In times of economic uncertainty, financial advisors remain in high demand thanks to their ability to assist others with their financial needs. But thanks to the recession, new competitors, evolving customer needs, and technological innovation, even this titan of an industry faces big questions in the back half of 2023 and beyond.
“The competition to meet the growing demand for financial support will continue to be fierce, with banks, wealth management firms and fintech companies all looking to fill the gap.” –Mike Sha, CEO of SigFig
Resiliency and adaptability, as always, will be the key to keeping the financial services industry thriving in the future. By looking into expert predictions, combing through the statistics, and researching emerging industry and technological trends, we compiled our ultimate guide for the financial industry.
Improving the consumer experience
For those outside the industry, working with hard-earned money is an intimidating and often alien process. Finding the right financial advisors and banking services are crucial, and the best organizations will prioritize the consumer experience in order to attract and maintain clientele.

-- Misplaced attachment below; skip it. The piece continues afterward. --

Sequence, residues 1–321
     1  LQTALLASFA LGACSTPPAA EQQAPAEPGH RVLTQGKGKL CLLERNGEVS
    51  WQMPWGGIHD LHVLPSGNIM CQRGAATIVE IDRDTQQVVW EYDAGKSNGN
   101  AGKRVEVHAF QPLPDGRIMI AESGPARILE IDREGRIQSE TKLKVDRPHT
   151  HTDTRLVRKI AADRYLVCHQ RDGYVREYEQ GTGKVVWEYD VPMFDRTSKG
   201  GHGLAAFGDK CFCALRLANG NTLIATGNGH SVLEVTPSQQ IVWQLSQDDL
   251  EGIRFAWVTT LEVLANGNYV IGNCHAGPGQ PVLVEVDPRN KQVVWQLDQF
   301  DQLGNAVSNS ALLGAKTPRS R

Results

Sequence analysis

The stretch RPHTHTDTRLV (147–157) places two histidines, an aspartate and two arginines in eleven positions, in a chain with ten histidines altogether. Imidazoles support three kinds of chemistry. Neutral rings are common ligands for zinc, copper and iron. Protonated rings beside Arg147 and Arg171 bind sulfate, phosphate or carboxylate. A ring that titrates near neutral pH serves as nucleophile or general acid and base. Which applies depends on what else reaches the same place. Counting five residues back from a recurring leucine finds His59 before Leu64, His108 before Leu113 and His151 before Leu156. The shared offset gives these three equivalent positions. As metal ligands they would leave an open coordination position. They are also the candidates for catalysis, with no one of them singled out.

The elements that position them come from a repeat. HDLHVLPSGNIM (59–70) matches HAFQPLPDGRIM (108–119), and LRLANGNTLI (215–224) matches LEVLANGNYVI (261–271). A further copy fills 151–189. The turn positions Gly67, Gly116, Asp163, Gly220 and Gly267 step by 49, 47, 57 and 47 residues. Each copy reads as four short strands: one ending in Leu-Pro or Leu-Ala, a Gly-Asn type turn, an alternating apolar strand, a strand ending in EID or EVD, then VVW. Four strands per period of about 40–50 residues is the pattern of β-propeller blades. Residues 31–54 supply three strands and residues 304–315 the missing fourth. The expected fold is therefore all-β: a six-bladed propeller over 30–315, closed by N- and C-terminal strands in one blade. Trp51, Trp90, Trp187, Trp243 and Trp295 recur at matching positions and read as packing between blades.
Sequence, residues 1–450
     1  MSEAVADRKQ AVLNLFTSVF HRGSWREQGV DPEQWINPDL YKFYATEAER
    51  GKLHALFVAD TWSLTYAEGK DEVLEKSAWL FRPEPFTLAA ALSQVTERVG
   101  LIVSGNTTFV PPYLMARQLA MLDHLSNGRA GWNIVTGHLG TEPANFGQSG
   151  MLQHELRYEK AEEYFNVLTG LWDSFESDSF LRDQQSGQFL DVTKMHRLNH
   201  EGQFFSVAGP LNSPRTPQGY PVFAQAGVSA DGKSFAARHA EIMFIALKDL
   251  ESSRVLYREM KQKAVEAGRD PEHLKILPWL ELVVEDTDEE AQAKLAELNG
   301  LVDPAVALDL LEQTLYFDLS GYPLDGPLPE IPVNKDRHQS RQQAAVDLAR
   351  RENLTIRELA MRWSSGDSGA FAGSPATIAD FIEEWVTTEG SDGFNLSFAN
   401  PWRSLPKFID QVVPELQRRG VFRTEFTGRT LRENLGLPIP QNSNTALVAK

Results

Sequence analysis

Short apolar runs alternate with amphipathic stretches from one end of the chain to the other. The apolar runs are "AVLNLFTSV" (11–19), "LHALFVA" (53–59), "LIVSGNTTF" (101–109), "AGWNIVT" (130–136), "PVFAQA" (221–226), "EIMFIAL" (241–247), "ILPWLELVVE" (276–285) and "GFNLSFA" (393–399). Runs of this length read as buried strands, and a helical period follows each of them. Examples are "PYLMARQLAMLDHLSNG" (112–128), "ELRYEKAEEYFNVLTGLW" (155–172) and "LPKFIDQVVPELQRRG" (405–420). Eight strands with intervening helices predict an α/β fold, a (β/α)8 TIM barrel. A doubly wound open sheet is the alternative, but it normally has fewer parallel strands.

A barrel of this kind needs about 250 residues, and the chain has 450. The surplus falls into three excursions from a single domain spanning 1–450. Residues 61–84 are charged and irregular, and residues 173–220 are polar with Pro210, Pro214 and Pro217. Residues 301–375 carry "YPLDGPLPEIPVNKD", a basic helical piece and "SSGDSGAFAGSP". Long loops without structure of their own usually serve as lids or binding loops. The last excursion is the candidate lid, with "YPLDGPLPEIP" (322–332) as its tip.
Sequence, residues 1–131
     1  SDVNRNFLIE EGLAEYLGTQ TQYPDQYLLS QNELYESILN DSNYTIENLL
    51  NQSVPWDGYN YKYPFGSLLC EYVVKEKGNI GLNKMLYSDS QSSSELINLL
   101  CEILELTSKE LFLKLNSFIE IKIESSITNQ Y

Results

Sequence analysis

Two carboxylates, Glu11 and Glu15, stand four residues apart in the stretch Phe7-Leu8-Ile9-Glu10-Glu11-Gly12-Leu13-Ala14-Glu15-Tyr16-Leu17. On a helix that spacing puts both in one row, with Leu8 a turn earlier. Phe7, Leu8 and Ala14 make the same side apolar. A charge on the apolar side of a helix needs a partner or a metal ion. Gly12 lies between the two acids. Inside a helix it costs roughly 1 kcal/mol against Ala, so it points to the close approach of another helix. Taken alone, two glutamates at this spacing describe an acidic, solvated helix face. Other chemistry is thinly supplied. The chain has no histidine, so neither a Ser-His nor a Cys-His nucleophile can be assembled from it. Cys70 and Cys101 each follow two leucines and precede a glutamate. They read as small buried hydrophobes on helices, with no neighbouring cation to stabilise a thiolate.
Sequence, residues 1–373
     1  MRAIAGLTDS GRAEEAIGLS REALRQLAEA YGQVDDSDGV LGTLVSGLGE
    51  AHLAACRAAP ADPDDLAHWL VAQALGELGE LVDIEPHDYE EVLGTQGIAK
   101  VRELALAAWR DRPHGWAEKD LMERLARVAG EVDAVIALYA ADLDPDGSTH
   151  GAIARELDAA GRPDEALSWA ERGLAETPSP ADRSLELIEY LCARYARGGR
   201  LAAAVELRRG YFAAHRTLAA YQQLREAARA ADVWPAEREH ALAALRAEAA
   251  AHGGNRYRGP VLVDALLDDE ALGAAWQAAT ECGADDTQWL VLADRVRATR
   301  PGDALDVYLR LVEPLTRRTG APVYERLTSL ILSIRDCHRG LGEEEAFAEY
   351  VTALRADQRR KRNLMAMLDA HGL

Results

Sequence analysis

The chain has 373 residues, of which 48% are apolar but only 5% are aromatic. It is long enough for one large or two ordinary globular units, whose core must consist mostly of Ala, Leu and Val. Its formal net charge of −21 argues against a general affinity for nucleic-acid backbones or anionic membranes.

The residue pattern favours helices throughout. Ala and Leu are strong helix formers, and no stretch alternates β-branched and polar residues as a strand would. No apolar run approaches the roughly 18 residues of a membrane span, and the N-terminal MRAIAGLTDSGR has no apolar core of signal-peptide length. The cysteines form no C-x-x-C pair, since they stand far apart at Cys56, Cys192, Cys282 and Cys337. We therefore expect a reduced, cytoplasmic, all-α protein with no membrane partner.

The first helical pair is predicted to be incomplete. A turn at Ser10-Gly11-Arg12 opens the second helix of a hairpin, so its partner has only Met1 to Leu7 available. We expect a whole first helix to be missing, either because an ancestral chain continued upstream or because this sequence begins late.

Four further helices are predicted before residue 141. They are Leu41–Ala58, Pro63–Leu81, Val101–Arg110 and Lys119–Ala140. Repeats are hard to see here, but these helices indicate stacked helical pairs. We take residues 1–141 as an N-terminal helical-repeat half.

BAI research found that new customer acquisition is the number one priority for banks in 2023, which makes sense. Attracting younger clients is the best way to accomplish this, which means embracing online and digital banking. BAI found that 70% of millennials and Gen Zers have already opened accounts online. Gen Zers, in particular, will be a significant focus as more enter the workforce and require these services. Paul Hindle of Fintech Futures notes that the average Gen Zer gets their first smartphone by age 12 and a large percentage spend up to five hours a day on social media platforms.
Embracing digital trends is the key to keeping this demographic happy. 44% of BAI’s respondents found gaps in onboarding processes and seek a more streamlined experience. Meanwhile, more than 70% of respondents said they would switch to a financial service provider with better digital experiences.
“To address these needs, organizations must prioritize offering mobile-friendly solutions and digital self-service options that provide customers with anytime, anywhere access to their financial lives.” –Manas Baba, financial services industry expert